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dc.contributor.authorKotera, Yasuhiro
dc.contributor.authorGreen, Pauline Catherine
dc.contributor.authorSheffield, David
dc.date.accessioned2018-11-15T14:37:19Z
dc.date.available2018-11-15T14:37:19Z
dc.date.issued2018-08-10
dc.identifier.citationKotera, Y., Green, P., & Sheffield, D. (2018) ‘Mental health attitudes, self-criticism, compassion, and role identity among UK social work students’, British Journal of Social Work. doi: 10.1093/bjsw/bcy072en
dc.identifier.issn0045-3102
dc.identifier.issn1468-263X
dc.identifier.doi10.1093/bjsw/bcy072
dc.identifier.urihttp://hdl.handle.net/10545/623129
dc.description.abstractAlthough many social work students suffer from mental health symptoms, the majority of them do not seek help, because of shame. Accordingly, the purposes of this study were to evaluate social work students' attitudes for mental health problems, and explore relationships among shame, mental health symptoms, self-criticism, self-compassion, and role identity. Firstly, 84 UK female undergraduate social work students completed a measure of attitudes toward mental health problems, and were compared with 94 UK female undergraduate students in other subjects. UK female undergraduate social work students had a higher level of negative perception in their community’s attitudes toward mental health problems. Secondly, 87 UK social work students, completed the attitudes, mental health, self-criticism, self-compassion, and role identity measures. Self-criticism, self-compassion, and role identity were significantly related to mental health symptoms, and identified as significant, independent predictors of mental health symptoms. This study confirmed that social work students consider that their community perceives mental health problems negatively, and that their self-criticism, self-compassion, and role identity relate to their poor mental health. The findings may help social work students, educators, and researchers deepen the understanding of their mental health symptoms and identify better solutions.
dc.description.sponsorshipN/Aen
dc.language.isoenen
dc.publisherOxford Academicen
dc.relation.urlhttps://doi.org/10.1093/bjsw/bcy072
dc.rightsArchived with thanks to The British Journal Of Social Worken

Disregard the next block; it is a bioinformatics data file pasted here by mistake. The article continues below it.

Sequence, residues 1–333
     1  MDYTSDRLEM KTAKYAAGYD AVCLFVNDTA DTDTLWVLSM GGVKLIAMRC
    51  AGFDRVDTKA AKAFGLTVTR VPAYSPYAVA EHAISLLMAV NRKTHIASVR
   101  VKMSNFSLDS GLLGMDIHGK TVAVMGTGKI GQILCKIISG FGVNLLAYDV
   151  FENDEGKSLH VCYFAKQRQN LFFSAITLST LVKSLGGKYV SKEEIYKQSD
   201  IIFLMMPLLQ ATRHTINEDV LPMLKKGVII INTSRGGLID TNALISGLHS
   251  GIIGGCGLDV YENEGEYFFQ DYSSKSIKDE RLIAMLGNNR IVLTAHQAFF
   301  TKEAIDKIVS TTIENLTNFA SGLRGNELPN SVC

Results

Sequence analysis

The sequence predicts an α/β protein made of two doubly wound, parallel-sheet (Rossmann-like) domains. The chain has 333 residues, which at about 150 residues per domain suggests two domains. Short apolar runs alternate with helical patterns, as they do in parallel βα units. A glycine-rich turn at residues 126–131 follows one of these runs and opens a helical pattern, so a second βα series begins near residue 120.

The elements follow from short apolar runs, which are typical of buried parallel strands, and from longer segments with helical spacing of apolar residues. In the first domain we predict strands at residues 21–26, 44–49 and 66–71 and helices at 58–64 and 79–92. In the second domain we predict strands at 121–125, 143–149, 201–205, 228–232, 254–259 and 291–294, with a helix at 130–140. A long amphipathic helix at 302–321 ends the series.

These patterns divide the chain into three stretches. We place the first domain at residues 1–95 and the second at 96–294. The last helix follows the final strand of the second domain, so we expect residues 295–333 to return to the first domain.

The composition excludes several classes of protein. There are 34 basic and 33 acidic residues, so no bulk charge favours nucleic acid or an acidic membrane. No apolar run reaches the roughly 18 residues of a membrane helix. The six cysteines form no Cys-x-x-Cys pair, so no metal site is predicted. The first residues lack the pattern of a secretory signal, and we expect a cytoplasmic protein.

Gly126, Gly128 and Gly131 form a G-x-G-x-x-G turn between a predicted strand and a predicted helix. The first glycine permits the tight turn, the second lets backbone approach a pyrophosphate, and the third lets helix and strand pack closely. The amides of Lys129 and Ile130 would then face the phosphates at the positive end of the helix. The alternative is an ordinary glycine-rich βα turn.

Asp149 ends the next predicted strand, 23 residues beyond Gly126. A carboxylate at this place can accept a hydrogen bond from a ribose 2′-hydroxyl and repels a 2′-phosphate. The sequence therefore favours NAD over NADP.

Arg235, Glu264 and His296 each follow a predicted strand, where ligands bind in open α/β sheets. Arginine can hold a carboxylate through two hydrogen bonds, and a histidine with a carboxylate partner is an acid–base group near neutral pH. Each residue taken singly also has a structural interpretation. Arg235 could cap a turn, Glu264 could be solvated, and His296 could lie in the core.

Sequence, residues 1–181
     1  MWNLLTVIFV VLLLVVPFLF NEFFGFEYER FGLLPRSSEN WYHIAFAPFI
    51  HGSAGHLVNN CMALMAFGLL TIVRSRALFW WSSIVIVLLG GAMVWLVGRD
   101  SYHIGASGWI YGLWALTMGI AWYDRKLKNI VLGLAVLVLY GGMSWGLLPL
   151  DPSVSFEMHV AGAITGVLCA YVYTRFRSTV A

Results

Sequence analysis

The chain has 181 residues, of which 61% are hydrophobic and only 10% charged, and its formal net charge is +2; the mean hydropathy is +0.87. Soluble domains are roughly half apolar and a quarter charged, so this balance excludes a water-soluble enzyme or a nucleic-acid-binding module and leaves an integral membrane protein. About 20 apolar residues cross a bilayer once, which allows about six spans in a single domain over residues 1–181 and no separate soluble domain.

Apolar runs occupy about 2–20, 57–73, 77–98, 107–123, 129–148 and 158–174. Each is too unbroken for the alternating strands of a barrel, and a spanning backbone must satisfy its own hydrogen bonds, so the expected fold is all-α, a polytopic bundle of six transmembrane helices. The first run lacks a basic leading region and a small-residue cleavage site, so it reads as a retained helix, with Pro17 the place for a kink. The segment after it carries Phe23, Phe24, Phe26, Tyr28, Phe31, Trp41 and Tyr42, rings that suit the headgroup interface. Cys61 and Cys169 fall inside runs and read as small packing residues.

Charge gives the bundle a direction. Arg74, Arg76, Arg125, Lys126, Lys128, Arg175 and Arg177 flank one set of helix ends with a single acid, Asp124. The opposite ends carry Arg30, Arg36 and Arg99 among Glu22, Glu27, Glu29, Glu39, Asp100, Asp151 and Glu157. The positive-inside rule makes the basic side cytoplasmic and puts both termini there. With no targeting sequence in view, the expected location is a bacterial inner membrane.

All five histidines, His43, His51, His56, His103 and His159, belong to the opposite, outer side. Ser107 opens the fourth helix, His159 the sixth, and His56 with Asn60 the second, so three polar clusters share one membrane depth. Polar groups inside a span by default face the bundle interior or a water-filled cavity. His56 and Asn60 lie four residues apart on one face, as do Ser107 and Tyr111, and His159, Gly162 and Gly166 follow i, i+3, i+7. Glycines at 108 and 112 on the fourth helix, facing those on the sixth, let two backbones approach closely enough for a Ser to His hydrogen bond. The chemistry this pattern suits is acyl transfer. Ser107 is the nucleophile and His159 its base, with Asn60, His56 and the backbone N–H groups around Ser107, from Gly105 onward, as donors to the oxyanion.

dc.subjectHelp-seekingen
dc.subjectSelf-criticismen
dc.subjectCompassionen
dc.subjectRole identityen
dc.subjectSocial work studentsen
dc.titleMental health attitudes, self-criticism, compassion and role identity among UK social work students.en
dc.typeArticleen
dc.contributor.departmentUniversity of Derbyen
dc.identifier.journalThe British Journal Of Social Worken
dc.date.accepted2018-04-01
html.description.abstractAlthough many social work students suffer from mental health symptoms, the majority of them do not seek help, because of shame. Accordingly, the purposes of this study were to evaluate social work students' attitudes for mental health problems, and explore relationships among shame, mental health symptoms, self-criticism, self-compassion, and role identity. Firstly, 84 UK female undergraduate social work students completed a measure of attitudes toward mental health problems, and were compared with 94 UK female undergraduate students in other subjects. UK female undergraduate social work students had a higher level of negative perception in their community’s attitudes toward mental health problems. Secondly, 87 UK social work students, completed the attitudes, mental health, self-criticism, self-compassion, and role identity measures. Self-criticism, self-compassion, and role identity were significantly related to mental health symptoms, and identified as significant, independent predictors of mental health symptoms. This study confirmed that social work students consider that their community perceives mental health problems negatively, and that their self-criticism, self-compassion, and role identity relate to their poor mental health. The findings may help social work students, educators, and researchers deepen the understanding of their mental health symptoms and identify better solutions.


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